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The basis for intelligent mathematical software is the integration of the "power of symbolic mathematical tools" with the suitable "proof technology".

**Symbolic Reasoning**

The basis for intelligent
mathematical software is the integration of the "power of symbolic
mathematical tools" with the suitable "proof technology".

Mathematical reasoning enjoys a
property called monotonic.

"If a conclusion follows
from given premises A, B, C, …

then it also follows from any
larger set of premises, as long as the original premises are included."

Human reasoning is not monotonic.

People arrive to conclusions only
tentatively, based on partial or incomplete information, reserve the right to
retract those conclusions while they learn new facts. Such reasoning is **non-monotonic**, precisely because the
set of accepted conclusions have become smaller when the set of premises is
expanded.

**1. Non-Monotonic Reasoning**

Non-Monotonic reasoning is a
generic name to a class or a specific theory of reasoning. Non-monotonic
reasoning attempts to formalize reasoning with incomplete information by
classical logic systems.

The Non-Monotonic reasoning are of
the type

■ Default reasoning

■ Ci umscription

■ Truth Maintenance Systems

**Default Reasoning**

This is a very common from of
non-monotonic reasoning. The conclusions are drawn based on what is most likely
to be true.

There are two approaches, both are
logic type, to Default reasoning :

one is Non-monotonic logic and the other is Default logic.

**Non-monotonic logic**

It has already been defined. It
says, "the truth of a proposition may change when new information (axioms)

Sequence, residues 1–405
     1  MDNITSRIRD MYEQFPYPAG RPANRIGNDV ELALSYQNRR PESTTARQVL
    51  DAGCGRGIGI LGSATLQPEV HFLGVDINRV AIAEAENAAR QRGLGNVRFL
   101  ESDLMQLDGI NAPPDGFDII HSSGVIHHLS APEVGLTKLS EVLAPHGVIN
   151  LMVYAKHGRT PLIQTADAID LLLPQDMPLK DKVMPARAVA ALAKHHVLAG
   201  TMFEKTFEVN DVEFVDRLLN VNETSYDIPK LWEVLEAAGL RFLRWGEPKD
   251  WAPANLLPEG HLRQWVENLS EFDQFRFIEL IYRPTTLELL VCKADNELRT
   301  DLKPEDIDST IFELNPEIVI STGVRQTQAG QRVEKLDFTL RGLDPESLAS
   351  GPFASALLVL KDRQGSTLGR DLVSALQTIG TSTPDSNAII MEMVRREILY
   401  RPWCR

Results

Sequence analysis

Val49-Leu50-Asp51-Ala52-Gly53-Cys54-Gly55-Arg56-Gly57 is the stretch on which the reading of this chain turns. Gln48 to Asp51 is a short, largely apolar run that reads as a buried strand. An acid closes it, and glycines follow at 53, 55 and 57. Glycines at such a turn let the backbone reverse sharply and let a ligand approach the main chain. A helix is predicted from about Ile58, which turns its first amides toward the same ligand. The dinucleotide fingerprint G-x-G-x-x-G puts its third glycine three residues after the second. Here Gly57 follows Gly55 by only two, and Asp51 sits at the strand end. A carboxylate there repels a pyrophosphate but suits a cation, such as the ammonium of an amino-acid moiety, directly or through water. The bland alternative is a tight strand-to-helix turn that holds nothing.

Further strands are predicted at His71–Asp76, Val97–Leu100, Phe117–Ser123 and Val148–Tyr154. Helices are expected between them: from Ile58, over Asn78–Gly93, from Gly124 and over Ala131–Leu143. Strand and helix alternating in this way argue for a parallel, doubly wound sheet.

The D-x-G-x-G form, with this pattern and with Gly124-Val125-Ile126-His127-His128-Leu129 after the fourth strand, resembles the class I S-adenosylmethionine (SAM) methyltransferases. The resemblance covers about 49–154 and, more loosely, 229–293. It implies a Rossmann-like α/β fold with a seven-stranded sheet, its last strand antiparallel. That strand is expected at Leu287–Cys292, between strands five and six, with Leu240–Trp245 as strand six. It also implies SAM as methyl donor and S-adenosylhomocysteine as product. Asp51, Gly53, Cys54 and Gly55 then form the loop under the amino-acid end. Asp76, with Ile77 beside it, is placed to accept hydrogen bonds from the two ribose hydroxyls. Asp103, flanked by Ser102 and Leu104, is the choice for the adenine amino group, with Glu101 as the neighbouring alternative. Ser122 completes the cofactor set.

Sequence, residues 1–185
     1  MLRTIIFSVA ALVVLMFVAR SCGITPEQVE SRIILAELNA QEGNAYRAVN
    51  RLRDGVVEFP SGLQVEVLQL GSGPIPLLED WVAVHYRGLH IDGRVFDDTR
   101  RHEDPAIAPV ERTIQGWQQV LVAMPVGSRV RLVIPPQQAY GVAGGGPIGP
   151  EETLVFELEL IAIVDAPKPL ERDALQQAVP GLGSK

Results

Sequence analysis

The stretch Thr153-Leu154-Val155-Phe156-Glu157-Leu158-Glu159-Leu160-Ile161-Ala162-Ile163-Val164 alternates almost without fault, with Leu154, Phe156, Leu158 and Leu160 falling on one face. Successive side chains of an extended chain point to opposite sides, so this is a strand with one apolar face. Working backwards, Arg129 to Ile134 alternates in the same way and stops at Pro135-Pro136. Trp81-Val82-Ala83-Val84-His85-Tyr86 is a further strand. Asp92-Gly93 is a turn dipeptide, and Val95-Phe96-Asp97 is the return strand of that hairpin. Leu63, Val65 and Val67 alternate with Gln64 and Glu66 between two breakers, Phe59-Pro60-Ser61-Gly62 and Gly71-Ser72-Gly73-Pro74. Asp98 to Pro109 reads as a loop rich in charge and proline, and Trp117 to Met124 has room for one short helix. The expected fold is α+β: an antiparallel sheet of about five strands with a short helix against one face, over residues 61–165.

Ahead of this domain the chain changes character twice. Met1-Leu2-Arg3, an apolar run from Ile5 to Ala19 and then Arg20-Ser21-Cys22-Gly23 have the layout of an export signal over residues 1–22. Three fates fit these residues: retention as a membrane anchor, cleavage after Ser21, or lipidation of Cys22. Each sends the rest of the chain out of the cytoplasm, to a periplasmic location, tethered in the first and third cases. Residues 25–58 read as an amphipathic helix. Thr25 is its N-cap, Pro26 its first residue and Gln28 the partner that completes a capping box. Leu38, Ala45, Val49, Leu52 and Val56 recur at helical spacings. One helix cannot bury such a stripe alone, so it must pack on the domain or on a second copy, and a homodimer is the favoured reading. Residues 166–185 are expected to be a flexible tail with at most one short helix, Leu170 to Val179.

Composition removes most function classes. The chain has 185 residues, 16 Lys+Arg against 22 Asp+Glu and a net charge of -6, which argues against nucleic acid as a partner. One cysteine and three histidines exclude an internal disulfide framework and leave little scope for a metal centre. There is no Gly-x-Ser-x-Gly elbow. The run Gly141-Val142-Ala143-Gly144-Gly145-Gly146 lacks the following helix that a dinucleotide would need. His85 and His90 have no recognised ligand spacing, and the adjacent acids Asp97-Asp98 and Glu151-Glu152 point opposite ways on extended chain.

are added and a logic may be build to allows the statement to be
retracted."

**Non-monotonic logic is predicate logic with one extension **called** **modal** **operator **M** which means “consistent with
everything we know”. The purpose of **M** is to allow consistency.

A way to define consistency with
PROLOG notation is : To show that fact **P** is true, we attempt to prove **¬P**.

If we fail we may say that **P** is consistent since **¬P** is false.

**Example :**

**∀**** x : plays_instrument(x) ****∧**** M
manage(x) → jazz_musician(x)**

**States that for all x, the x plays
an instrument and if the
fact**

that **x** can manage is *consistent*
with all other knowledge then we can conclude that **x** is a jazz musician.

**■ ****Default Logic**

Read the above inference rule as:

" if A, and if it is
consistent with the rest of what is known to assume that B, then conclude that
C ".

The rule says that given the
prerequisite, the consequent can be inferred, provided it is consistent with
the rest of the data.

‡ Example : Rule that "birds typically fly" would be
represented as

‡ Note : Since, all we know about
Tweety is that :

Tweety is a bird, we therefore inferred that Tweety flies.

The idea behind non-monotonic
reasoning is to reason with first order logic, and if an inference can not be
obtained then use the set of default rules available within the first order
formulation.

**‡ **Applying Default Rules :

While applying default rules, it is
necessary to check their justifications for consistency, not only with initial
data, but also with the consequents of any other default rules that may be
applied. The application of one rule may thus block the application of another.
To solve this problem, the concept of default theory was extended.

**‡ **Default Theory

Example :

A Default Rule says " *Typically an American adult owns a car*
".

The rule is explained below :

The rule is only accessed if we
wish to know whether or not John owns a car then an answer can not be deduced
from our current beliefs.

This default rule is applicable if
we can prove from our beliefs that John is an American and an adult, and
believing that there is some car that is owned by John does not lead to an
inconsistency.

If these two sets of premises are
satisfied, then the rule states that we can conclude that John owns a car.

**Ci umscription**

Ci umscription